How To Measure Your Waist-Height Ratio & What This Means

But like any measurement, this is only one part of the equation when it comes to full body composition, and therefore overall health. This equation shouldn’t be used to diagnose any kind of health condition, but rather serve as an estimate of body fat percentage for those who want to know and don’t have access to something like a DEXA scan. 

It’s also worth noting here that you should avoid taking waist measurements during times like postpartum months, bloating or digestion troubles, and so on. You want to aim for a natural, typical measurement to get your most accurate results.

As for lean muscle mass, Lyon notes recommends tracking how many push-ups or squats you can do. It’s far from a perfect science (and there’s not a set range to reference), but it may be helpful to gauge your improvement. Let’s remember: Your muscles need to feel “fatigued” in order to grow. If your muscles take longer and longer to feel that fatigue, it’s a pretty good sign you’re growing your muscle mass.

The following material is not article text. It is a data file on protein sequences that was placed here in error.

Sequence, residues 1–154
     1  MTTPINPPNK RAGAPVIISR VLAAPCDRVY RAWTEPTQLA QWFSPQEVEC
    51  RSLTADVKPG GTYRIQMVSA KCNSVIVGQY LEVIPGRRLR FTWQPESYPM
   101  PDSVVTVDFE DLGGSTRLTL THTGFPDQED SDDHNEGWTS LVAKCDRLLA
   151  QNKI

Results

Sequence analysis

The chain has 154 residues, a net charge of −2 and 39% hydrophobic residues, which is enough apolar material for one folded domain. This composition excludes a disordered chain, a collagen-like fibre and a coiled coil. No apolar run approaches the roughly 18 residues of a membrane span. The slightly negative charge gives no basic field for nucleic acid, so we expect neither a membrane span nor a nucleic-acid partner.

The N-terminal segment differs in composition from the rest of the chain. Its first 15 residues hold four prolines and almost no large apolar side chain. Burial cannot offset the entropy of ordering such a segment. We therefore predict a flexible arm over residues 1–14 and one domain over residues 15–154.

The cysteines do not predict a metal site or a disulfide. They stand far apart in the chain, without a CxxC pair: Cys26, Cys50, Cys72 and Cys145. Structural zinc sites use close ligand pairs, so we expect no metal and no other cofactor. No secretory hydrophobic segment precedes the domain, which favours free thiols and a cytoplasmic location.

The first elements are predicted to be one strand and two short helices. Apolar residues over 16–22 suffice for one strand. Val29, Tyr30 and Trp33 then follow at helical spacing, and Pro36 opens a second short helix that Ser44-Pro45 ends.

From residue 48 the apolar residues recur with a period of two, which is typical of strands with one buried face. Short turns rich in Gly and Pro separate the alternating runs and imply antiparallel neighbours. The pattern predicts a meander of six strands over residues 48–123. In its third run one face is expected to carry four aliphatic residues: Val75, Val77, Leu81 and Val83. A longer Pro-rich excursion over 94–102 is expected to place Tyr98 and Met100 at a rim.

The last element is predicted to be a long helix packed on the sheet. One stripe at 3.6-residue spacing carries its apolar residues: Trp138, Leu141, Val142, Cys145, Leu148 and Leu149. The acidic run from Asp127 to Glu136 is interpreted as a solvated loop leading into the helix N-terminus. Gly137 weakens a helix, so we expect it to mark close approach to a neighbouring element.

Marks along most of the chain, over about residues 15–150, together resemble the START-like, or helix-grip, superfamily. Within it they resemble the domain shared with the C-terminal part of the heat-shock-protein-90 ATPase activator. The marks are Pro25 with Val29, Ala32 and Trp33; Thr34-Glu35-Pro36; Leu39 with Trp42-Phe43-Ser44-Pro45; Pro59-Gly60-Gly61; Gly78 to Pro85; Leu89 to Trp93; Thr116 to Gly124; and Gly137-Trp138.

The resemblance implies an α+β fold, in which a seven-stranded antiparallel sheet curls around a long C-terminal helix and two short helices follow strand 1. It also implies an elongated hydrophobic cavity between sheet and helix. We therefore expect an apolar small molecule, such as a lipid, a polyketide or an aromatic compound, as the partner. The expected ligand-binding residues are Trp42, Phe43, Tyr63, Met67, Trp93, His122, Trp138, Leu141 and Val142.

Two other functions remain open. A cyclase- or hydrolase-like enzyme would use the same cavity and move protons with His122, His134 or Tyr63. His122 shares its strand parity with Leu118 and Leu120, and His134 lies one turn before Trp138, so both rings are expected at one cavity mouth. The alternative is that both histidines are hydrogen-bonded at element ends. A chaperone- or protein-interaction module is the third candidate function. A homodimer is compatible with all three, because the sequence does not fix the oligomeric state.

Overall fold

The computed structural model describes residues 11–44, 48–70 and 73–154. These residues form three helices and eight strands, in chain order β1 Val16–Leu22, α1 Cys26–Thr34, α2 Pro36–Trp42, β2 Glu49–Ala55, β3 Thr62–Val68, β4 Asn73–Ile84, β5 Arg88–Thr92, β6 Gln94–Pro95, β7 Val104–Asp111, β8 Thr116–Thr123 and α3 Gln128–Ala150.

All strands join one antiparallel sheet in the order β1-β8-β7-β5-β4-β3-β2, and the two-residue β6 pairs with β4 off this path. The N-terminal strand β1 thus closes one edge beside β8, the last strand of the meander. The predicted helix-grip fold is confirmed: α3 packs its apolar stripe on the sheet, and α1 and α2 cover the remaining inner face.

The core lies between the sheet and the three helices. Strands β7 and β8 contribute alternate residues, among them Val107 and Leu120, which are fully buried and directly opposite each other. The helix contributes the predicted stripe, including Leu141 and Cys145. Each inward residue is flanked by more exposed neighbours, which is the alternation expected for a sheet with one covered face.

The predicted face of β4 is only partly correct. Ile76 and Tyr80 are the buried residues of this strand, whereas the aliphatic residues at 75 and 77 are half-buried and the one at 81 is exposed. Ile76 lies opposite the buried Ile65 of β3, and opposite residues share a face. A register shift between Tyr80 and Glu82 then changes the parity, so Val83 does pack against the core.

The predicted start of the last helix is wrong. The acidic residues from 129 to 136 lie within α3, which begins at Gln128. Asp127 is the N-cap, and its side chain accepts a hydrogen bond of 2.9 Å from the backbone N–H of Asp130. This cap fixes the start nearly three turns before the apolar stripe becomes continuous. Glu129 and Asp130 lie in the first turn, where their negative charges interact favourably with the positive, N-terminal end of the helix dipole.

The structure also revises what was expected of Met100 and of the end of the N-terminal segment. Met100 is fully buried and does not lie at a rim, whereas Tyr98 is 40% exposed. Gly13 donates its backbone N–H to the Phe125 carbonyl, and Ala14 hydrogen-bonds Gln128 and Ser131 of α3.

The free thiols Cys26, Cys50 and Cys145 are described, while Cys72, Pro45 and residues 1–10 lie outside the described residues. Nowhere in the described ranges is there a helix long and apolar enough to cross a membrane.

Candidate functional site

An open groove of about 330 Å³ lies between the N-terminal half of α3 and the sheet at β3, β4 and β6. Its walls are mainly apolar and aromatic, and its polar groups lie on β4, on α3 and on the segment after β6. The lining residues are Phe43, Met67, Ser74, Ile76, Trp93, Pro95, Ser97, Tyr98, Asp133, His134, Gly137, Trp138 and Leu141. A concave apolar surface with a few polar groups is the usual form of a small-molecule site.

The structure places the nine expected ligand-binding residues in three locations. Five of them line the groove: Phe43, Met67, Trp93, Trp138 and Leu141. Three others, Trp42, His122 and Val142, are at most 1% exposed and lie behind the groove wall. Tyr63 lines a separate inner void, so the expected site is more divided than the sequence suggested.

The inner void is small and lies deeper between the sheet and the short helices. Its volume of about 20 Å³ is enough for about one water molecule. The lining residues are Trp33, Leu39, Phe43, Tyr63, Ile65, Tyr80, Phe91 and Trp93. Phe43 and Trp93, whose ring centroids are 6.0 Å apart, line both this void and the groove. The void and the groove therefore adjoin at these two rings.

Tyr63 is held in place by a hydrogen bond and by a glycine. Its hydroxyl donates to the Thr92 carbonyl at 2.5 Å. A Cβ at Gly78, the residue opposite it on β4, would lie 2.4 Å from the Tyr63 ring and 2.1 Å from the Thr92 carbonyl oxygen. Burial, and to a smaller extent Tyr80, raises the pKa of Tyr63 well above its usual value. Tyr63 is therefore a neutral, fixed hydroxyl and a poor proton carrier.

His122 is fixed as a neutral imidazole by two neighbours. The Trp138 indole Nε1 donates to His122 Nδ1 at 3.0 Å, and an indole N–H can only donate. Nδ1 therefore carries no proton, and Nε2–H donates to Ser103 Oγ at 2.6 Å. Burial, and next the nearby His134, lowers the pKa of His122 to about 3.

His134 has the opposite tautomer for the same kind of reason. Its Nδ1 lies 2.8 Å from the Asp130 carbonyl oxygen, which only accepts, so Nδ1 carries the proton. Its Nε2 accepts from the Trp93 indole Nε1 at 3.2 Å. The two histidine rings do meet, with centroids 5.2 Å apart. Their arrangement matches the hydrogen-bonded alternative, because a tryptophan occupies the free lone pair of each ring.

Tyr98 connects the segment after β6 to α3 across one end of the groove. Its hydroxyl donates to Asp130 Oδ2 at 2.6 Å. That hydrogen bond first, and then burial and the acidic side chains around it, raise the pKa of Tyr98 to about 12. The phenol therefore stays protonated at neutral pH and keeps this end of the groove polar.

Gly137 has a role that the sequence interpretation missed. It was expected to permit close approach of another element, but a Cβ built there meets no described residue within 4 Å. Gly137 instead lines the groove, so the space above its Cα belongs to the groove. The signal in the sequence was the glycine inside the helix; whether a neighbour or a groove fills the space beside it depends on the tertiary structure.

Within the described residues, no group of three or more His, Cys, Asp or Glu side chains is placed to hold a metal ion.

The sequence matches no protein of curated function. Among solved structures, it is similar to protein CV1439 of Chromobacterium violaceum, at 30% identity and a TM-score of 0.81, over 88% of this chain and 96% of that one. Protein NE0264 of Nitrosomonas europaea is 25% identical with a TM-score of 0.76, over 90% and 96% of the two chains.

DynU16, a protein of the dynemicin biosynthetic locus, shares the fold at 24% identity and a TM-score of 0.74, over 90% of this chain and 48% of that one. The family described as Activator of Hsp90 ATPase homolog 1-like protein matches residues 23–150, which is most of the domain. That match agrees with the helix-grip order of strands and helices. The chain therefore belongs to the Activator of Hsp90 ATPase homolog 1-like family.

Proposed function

You may also consider getting some blood work done at your physician’s office or through an elective service. Lyon suggests some of the measurements, especially those related to glucose, insulin, and triglycerides, may help you determine what range of skeletal muscle mass you have. 

“What becomes really important to understand is where they are and making improvements,” Lyon says. So don’t get too caught up in the numbers if you can help it. No measurement of body composition is a perfect indicator of overall health. Finally, if you are concerned about your lean muscle mass or want to learn more specific info, it’s always a good idea to visit your healthcare provider. 

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